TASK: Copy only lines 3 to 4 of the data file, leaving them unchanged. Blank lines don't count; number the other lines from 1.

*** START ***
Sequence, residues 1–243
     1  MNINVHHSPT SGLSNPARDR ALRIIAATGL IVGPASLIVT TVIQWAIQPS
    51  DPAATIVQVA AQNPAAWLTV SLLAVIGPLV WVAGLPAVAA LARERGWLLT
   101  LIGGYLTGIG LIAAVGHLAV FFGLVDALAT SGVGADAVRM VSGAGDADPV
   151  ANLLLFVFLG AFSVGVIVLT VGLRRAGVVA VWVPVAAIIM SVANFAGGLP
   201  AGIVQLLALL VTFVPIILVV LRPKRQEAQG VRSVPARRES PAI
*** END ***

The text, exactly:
    51  DPAATIVQVA AQNPAAWLTV SLLAVIGPLV WVAGLPAVAA LARERGWLLT
   101  LIGGYLTGIG LIAAVGHLAV FFGLVDALAT SGVGADAVRM VSGAGDADPV